NUI Galway set world record with Internet technology

May 01 2007 Posted: 00:00 IST

Internet researchers at the Digital Enterprise Research Institute (DERI) at NUI Galway have made a major technological breakthrough in the Semantic Web, a machine readable version of the web which enables more efficient internet searching.

Current internet technology means that users must filter search results and decide what is relevant. The Semantic Web enables the computer to filter information and also powers the intelligent transfer, sharing and negotiation of information between computer systems.

The Semantic Web Search Engine developed at DERI is able to answer queries with more than 7 billion RDF statements in fractions of a second - the largest number reported so far anywhere in the world. An RDF statement is the entity that makes the Semantic Web semantic. Possible application areas include Social Network Applications and Analysis, eHealth applications, Web Search, location based services, and financial searches.

"The importance of this breakthrough can not be overestimated" says Professor Stefan Decker, Director of DERI. "These results enable us to create web search engines that really deliver answers instead of links. The technology also allows us to combine information from the Web, for example the engine can list all partnerships of a company even if there is no single web page that lists all of them."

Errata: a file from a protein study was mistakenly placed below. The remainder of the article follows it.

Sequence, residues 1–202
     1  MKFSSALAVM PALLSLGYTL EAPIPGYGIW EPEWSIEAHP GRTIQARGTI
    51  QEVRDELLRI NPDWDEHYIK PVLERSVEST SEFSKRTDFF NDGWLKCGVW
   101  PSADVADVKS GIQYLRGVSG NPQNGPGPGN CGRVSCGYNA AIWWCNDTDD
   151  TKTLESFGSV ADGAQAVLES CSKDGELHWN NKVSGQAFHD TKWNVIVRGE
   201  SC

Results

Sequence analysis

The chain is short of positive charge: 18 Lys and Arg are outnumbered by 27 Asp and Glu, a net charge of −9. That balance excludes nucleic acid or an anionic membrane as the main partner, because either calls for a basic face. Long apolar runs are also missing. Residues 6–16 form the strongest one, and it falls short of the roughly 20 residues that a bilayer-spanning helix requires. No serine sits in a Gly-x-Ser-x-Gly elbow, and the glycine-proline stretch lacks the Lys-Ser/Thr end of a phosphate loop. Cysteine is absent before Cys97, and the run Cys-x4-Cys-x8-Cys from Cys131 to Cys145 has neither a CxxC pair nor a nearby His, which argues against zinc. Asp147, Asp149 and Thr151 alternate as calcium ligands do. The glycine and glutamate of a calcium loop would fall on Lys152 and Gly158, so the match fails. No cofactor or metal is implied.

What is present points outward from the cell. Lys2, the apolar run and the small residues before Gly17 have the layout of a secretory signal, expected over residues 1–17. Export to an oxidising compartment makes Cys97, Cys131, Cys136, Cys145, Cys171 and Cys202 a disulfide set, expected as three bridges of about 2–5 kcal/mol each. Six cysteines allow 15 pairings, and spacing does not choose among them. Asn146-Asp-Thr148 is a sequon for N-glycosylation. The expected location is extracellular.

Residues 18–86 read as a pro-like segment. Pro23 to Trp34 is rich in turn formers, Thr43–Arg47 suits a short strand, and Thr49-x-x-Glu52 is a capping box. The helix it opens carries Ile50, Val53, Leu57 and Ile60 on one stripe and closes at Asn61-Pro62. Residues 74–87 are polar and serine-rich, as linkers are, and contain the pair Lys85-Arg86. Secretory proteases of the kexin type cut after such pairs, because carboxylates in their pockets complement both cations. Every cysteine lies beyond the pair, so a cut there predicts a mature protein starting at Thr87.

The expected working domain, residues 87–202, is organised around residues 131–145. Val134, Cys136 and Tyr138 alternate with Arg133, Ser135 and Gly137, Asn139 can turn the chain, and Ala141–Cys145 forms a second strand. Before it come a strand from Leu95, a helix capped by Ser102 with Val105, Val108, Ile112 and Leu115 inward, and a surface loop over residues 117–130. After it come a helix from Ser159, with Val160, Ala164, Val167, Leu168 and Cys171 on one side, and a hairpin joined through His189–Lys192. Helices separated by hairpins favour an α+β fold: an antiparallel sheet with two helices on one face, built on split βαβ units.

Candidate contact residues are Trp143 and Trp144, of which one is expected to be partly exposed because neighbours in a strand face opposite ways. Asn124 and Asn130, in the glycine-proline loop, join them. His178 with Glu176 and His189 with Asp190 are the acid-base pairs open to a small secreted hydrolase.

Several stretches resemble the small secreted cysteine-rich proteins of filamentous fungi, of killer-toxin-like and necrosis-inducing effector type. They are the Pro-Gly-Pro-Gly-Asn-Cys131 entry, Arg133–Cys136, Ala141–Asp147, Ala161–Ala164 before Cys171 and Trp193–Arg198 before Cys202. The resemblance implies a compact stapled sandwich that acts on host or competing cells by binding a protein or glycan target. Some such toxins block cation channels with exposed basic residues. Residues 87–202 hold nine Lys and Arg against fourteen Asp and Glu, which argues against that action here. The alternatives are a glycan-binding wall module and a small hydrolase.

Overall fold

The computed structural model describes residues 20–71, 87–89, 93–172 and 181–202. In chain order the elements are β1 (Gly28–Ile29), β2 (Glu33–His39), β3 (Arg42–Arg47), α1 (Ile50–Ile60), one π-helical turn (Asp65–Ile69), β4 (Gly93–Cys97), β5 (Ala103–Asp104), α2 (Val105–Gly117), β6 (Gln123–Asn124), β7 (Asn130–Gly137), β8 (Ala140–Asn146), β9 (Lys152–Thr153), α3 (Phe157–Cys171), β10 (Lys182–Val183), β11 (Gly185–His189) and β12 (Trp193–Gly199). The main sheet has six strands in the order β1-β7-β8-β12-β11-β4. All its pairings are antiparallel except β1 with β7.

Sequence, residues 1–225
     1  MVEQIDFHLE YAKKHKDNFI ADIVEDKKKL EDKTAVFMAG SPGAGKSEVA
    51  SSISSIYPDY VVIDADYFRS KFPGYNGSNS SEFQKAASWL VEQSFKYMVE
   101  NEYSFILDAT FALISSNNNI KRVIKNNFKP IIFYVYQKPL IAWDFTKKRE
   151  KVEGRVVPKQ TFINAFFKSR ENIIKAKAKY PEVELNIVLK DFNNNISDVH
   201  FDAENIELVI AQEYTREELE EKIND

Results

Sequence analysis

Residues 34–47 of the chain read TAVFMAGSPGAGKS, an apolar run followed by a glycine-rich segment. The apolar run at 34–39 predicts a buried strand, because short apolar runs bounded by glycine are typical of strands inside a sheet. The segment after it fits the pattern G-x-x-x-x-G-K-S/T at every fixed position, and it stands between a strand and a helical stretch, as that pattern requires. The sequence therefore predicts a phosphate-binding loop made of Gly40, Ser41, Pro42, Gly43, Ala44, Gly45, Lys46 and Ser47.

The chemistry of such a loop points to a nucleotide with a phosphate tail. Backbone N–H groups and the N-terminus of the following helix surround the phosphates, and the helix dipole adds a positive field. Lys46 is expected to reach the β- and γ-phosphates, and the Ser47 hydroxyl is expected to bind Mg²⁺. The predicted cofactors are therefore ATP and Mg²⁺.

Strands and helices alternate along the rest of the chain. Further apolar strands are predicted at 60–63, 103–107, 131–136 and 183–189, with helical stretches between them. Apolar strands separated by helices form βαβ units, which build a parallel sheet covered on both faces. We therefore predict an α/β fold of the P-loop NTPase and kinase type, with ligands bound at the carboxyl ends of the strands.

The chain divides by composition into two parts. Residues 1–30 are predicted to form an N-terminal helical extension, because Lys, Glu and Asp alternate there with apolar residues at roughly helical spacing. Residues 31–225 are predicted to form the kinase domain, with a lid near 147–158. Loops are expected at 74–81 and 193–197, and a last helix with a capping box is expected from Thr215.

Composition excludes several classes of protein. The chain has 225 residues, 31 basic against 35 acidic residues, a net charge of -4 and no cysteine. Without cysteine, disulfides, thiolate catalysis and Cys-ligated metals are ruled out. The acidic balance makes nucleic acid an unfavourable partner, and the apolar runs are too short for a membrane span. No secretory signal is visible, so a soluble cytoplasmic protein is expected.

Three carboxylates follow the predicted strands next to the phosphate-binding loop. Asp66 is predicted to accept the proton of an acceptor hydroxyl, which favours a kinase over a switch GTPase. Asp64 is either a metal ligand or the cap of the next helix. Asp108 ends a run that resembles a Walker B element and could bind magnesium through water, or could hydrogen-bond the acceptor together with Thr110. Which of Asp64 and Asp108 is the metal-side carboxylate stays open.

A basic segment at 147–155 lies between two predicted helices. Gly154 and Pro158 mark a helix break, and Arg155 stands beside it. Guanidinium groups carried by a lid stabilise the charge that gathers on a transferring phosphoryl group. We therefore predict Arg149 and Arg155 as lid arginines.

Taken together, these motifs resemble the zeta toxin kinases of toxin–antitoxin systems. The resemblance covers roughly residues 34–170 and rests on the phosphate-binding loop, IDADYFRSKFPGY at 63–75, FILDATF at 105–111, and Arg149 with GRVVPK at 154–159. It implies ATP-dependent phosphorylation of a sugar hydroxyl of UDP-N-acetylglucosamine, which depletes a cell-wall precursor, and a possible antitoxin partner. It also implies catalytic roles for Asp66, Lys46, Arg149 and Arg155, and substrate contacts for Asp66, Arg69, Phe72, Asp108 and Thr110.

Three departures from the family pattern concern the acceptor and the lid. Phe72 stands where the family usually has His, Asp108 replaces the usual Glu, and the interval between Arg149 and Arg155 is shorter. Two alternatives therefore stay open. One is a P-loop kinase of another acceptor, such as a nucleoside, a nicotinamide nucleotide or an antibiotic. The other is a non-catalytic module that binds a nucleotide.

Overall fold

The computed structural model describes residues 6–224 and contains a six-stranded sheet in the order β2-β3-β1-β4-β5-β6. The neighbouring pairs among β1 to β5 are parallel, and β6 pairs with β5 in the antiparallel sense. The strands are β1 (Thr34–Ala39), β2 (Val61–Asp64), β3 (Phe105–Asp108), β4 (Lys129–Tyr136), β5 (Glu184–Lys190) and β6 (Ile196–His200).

Andreas Harth and Aidan Hogan, key researchers on the Semantic Web Search Engine project, have been working on the project for about three years. "I am excited about the prospects ahead," says Mr Harth. "We are currently working on realising inferencing - making the web truly intelligent - and we have results already."

DERI is currently the largest applied research organisation in the world developing the next generation of internet technology – the Semantic Web. DERI was founded in 2003 with CSET (Centre for Science and Engineering Technology) funding from Science Foundation Ireland. It has since grown to over 100 people and has acquired significant additional research funding from sources such as the European Union Framework Programmes, Enterprise Ireland and SFI.



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